Columbia House Infomercial Asks Viewers to Vote, Then Buy

Share this article:
A new infomercial for Columbia House, New York, is asking viewers to call in and vote for their favorite television show in an effort to have them buy the complete series run of the program on video.


The 30-minute infomercial, "The Columbia House Hall of Fame," which was produced by Weiser Films, Chappaqua, NY, began a sporadic regional test run late last month that concludes today. Initial response has been positive, according to the company, although exact numbers are not yet available.


The infomercial presents viewers with a convincing awards show complete with a snappy host, celebrity appearances and inventive camera work while clips of each nominated series, including such classics as "Good Times" and "Star Trek," are shown.


"These shows are such classics, people instantly respond to them," said Sandy Weiser, owner and producer at Weiser Films. Once they have reached an operator and chosen their favorite, viewers are offered the first show in that series.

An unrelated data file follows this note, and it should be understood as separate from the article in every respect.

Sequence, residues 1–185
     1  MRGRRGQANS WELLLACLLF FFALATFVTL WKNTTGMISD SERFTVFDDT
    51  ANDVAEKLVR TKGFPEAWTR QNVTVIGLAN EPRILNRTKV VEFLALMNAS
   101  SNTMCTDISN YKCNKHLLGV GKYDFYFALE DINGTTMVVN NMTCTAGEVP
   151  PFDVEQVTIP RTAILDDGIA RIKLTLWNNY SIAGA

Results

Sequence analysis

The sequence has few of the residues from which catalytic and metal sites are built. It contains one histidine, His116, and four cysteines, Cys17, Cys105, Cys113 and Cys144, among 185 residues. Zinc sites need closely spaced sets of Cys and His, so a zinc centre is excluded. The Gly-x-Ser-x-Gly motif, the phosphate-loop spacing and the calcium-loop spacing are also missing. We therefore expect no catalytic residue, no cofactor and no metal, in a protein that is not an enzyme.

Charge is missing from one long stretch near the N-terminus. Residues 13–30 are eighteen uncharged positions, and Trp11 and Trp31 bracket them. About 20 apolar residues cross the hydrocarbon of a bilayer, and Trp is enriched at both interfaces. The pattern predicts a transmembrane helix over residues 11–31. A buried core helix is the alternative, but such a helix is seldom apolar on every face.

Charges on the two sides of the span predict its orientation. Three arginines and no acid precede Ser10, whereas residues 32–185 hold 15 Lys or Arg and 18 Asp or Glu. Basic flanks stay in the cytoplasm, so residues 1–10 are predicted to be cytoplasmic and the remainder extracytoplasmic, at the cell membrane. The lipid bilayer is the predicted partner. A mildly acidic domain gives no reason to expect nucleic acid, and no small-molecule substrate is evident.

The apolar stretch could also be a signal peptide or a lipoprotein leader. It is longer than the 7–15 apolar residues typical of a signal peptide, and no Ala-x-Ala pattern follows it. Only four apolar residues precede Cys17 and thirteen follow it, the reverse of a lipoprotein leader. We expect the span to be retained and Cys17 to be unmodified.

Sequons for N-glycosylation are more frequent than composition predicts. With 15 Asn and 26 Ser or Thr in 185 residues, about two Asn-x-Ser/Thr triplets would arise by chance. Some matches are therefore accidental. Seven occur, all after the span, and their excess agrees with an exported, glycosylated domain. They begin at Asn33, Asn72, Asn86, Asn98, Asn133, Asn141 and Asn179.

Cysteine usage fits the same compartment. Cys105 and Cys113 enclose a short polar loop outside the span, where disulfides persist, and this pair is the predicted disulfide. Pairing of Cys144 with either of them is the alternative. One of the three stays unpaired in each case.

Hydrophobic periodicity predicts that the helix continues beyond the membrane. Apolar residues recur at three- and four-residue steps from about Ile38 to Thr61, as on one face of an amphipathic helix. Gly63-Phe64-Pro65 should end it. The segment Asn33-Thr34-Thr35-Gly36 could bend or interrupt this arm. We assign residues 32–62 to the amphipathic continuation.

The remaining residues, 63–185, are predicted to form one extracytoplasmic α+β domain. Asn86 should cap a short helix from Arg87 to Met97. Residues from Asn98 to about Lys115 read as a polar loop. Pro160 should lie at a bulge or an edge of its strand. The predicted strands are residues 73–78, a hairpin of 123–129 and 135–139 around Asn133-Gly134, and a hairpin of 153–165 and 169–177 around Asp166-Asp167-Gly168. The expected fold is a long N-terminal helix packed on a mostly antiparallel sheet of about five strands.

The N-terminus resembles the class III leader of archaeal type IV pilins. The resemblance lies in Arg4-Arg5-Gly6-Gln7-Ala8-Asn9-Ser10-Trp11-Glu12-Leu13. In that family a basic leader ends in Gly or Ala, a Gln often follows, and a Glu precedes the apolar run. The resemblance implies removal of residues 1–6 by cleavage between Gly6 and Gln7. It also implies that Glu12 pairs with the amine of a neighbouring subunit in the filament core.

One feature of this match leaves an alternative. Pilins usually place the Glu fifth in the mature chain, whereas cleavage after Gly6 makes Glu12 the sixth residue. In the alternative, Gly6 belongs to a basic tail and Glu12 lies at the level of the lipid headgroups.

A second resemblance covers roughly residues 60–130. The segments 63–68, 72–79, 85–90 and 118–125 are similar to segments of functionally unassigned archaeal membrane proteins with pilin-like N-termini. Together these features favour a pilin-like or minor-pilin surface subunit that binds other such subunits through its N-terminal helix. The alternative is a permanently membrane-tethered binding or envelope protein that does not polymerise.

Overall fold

The infomercial also has a companion Web site, www.tvgreats.com, where interested viewers can buy the videos directly and vote by entering an e-mail address. Columbia House will then e-mail the customer updates on features and new products at the site.
Share this article:
You must be a registered member of Direct Marketing News to post a comment.
close

Next Article in Data/Analytics

Sign up to our newsletters

Follow us on Twitter @dmnews

Latest Jobs:

Featured Listings

More in Data/Analytics

Acxiom East?

Acxiom East?

Ogilvy & Mather launches OgilvyAmp, a think tank for data-driven marketers headed by expatriates from Little Rock's best-known data company.

Epicor to Acquire Analytics Provider QuantiSense

Epicor to Acquire Analytics Provider QuantiSense

Retail solutions provider seeks to up its data analytics game for large and midsized retailers.

One Third of Companies Fail to Measure Data Quality ROI

One Third of Companies Fail to Measure Data ...

Twenty percent of companies assume their data quality tools pay off, while another 10% doesn't monitor ROI at all.